Sweet Anonymity

It’s the closest thing to a high holy day for me these days, not that this is saying much.  I don’t have much use for the concept of holiness anymore, with its haughty sense of untouchability, distance and separateness.  Are you apt to swear by “all that is holy”?  Name-dropping of the highest order, IMO.  Perhaps we ought to swear by more verifiable commodities like the greenness of grass, the jerk in accounting or Amazon Prime.™ But I digress…

The (un)holiday to which I refer is, of course, Pride, which also stretches the definition of holiday by extending for the entire month of June.  Practically speaking, though, it amounts (in Minnesota anyway) to a two-day festival of which the most popular event is a roughly half-mile parade down Hennepin Avenue.  Depending on the mood of the LGBT community and the weather, it can be a raucous affair indeed, drawing hundreds of thousands of people.  In 2013, the parade came on the heels of the legalization of same sex marriage.  I remember stepping out into the street at the end, and being one of a somewhat tall disposition, I was able to look far up and down the street, revealing a sea of people that simply dwarfed the crowd of a large stadium, decked out, for the most part in epic rainbow.  Last year, a similar number gathered, yet palpably in the shadow of Orlando.

This year, clouds and wind better suited for late-April provided a tangible reminder of turbulent times.  Stung by the acquittal of a police officer who gunned down a man for calmly complying with instructions to produce a driver’s license, we were forced to reconsider the role of the police our festivities.  Those of us more recent to the festivities have typically experienced  the police as a benign presence at Pride, marching alongside us and dispensing a seemingly limitless supply of smiles.  Still, we recall that Pride started at Stonewall, a direct result of systematic discrimination and police violence, particularly against transwomen of color.  Polite applause greeted a cadre of protesters claiming to represent Black Lives Matter.  Nevertheless, viewers in my immediate vicinity expressed frustration as the parade stalled for more than 60 minutes.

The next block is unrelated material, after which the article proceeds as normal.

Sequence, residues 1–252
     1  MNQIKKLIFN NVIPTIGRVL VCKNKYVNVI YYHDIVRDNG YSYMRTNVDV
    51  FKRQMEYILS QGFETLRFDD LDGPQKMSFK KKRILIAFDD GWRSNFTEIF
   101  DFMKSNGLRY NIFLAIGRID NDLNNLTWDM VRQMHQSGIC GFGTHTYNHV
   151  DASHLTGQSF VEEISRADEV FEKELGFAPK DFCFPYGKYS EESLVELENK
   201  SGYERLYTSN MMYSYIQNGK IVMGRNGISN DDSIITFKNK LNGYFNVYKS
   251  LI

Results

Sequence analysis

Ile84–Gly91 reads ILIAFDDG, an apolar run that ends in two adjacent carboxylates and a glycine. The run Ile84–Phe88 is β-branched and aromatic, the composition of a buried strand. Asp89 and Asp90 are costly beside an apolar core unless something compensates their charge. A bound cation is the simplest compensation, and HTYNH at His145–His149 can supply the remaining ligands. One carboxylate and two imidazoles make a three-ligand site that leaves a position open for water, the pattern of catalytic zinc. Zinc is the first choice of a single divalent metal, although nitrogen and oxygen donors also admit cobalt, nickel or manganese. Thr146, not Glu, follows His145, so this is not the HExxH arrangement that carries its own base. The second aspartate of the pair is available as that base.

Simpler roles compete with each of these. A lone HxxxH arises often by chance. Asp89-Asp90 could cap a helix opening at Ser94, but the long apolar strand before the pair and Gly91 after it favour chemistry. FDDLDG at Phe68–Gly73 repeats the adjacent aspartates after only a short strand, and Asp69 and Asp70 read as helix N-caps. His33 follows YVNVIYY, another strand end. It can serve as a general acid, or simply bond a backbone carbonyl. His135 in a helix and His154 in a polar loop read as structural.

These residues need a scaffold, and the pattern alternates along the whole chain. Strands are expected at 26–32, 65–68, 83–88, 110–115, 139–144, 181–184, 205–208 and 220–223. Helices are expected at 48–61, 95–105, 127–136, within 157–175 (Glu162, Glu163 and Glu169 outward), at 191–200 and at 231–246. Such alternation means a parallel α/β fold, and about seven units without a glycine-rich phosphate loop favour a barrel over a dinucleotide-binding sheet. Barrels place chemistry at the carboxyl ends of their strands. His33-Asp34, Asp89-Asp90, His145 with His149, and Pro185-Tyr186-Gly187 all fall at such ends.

By the time the parade resumed, I was freezing, despite having layered up.  Dykes on Bikes led the procession as always with a roar, producing the usual response of thunderous applause.  The various flags were next.  As the transgender flag passed by, I saw a chance to warm up.  I walked out into the street, grabbed a handle, and marched the rest of the way to Loring Park.

From then on, it was business as usual, as in Target, Delta, Best Buy, health organizations (including those that still deny transgender benefits) and dozens of churches.  I got my 30,000 steps in.  I ate corn dogs and gyros.  I kissed a daschund.  I kept hoping for some great random conversation, but mostly I just made small talk with the various shopkeepers.  Whether there were more present this year or not, police seemed to be ever present, most of them grinning from ear to ear and many with dogs.  And why not?  Pride is always crawling with canines.  I regret that Scooter did not make the trek this year as he has in the past.  Most of all, I reveled in the annual opportunity to walk around and garner no reaction whatsoever.  Sweet anonymity!

I meant to post this summary before June slipped away, but better late than never.  Belated Happy Pride to my readers, who sometime within the past few months hit my pages for the 10,000th time.  I am honored by your clicks and comments.  I do apologize for the slacking pace of this blog.  Chalk it up to a combination of things–at some point one feels that there is very little to say, and at some point the desire to recount my transitional thinking starts to feel like performance art.  I intend to continue writing, but a growing impulse for privacy is competing with my desire to disclose, slowing me down somewhat.  Until next time…


Leave a Reply

Your email address will not be published. Required fields are marked *